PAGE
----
This will also be my first time back after my paternal grandmother’s passing from pancreatic cancer (I wrote about her and my maternal grandmother, who raised me and is ten years older than the former and still with us but has dementia, in my November 2020 blog post “A Tale of Two Grandmothers // On Memory”); it’s going to be strange being there and not being able to ramble around country parks with her like I used to, or try to figure out how to rearrange the contents of my hotel’s mini fridge in order to fit all the apples she always greeted me at the airport with, or sit next to her at the banquet-style family dinner we’d have with everyone and get food for her first before getting mine, internally reveling in being able to step into my role as the mature, eldest cousin on my dad’s side (a role I don’t often get to play since I’m one of the youngest cousins on my mom’s side). But also, I’m a different person than I was in 2012 when I was a whippersnapper and had no idea what I was doing (not that I think I know what I’m doing now), and it was like my Hong Kong uncles and grandma were making sure this kid traveling on her own was looked after.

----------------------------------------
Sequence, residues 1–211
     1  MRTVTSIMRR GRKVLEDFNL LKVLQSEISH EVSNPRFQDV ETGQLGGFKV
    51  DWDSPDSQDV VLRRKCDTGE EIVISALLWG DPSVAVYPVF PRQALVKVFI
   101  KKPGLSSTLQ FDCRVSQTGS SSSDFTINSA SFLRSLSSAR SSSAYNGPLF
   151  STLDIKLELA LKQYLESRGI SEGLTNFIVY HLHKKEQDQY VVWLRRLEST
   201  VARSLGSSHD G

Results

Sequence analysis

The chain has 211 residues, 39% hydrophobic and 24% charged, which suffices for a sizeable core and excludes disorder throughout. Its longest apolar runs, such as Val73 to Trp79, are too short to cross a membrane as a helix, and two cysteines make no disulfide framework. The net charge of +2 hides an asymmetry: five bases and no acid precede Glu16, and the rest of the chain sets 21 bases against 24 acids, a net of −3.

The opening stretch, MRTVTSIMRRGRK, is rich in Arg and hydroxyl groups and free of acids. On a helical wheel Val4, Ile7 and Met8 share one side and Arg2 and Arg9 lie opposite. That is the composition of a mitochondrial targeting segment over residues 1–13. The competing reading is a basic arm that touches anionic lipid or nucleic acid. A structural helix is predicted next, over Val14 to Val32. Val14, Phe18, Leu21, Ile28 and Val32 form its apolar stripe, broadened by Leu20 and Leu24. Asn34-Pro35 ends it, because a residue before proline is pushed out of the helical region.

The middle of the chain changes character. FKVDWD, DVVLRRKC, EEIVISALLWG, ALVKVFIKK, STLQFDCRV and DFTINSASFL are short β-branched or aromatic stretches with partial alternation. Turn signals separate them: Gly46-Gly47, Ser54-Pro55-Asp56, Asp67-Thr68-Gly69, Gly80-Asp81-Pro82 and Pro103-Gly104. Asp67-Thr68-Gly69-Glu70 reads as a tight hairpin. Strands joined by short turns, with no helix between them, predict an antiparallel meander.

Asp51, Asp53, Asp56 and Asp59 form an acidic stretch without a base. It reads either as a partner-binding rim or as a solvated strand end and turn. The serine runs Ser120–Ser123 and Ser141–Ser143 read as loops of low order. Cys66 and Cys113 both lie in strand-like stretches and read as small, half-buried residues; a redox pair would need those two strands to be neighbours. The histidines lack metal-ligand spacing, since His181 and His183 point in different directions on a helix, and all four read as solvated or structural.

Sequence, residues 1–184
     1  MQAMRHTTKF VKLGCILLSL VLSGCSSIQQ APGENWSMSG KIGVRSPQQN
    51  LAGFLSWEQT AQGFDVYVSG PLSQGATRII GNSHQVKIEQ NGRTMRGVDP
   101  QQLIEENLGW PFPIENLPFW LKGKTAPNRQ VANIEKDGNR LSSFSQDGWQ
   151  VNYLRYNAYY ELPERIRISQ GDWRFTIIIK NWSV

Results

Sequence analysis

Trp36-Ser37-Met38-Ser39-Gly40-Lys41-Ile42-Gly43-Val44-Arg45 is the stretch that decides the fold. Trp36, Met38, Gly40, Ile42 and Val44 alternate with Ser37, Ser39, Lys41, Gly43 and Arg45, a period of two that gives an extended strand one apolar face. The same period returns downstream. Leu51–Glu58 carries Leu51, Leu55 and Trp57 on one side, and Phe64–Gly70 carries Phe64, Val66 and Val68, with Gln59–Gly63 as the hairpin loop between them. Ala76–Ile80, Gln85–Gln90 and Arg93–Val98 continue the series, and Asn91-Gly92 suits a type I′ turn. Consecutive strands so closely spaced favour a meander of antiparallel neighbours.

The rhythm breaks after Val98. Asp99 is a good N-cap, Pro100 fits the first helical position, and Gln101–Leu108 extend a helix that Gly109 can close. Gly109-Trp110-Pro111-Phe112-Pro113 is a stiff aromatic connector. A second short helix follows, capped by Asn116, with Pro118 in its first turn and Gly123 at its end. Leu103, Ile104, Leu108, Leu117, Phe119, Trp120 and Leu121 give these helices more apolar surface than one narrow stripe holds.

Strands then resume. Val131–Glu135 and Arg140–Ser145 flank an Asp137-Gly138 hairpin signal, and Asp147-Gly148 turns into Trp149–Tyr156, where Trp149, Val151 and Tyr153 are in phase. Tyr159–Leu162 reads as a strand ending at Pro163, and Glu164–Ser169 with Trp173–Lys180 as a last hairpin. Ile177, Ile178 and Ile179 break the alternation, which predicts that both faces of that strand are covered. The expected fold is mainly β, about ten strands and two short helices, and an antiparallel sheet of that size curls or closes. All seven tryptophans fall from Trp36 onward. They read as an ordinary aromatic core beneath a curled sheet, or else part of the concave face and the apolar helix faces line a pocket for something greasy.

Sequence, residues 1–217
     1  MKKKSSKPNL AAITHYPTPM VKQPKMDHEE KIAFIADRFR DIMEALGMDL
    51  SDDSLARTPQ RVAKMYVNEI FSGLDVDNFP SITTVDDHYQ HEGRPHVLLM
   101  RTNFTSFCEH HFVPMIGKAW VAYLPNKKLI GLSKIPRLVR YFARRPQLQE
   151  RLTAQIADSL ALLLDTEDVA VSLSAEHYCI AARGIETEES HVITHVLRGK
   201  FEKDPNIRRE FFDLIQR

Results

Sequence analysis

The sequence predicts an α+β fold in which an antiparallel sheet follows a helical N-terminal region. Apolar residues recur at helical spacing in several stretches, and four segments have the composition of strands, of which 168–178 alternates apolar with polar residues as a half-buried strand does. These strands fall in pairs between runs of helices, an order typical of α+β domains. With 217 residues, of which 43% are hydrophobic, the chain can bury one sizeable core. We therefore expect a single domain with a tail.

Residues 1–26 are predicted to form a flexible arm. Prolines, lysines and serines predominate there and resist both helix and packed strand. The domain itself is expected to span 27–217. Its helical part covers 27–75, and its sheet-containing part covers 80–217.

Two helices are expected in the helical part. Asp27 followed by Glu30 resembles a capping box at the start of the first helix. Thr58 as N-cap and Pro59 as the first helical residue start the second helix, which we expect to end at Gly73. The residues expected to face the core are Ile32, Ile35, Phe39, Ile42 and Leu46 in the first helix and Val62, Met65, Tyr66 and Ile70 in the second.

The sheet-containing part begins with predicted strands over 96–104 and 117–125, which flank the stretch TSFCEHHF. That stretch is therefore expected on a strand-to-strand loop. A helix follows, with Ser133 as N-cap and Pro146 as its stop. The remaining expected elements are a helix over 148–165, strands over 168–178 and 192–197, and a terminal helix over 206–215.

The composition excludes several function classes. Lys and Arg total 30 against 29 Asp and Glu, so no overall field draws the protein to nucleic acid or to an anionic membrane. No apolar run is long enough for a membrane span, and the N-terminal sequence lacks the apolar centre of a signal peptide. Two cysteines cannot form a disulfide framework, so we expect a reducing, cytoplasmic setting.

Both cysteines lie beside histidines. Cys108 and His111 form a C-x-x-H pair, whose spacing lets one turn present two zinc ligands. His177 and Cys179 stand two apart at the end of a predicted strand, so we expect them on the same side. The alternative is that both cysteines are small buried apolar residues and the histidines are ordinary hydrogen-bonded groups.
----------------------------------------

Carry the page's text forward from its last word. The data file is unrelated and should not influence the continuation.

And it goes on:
A screenshot of Jenny Lam's 2012 Facebook status at the end of her first full day alone in Hong Kong, which reads: "I love how every single one of my Hong Kong-living uncles and my grandma each called me within the past half hour asking me 1. if I've eaten yet; 2. if I'd like to make plans to have dinner with them this week; and 3. if there's any food I want them to buy for me. Separate calls, same subject. Cantonese. Our lives revolve around food."
My Facebook status at the end of my first full day alone in Hong Kong, 2012.

It’s the kind of change that comes with growing up, isn’t it?

Anyway, I’m looking forward to it, especially since so many new things have popped up in Hong Kong over the years I’ve been away. And since I’ll also be visiting Shenzhen for the first time in a decade!

While I’m overseas, you can: follow along on my socials; view my artwork currently on display in the exhibition Click at The Art Center Highland Park; reserve a copy of LAMINATOR Vol. 1, my brand new zine featuring 68 artists, poets, and writers from around the world (also available in the gift shop of the aforementioned art center while supplies last) (I mailed all pre-orders last week and it’s been so exciting to see folks receive and post about their zines these past couple days!); and collect art from a few of the artists in said publication.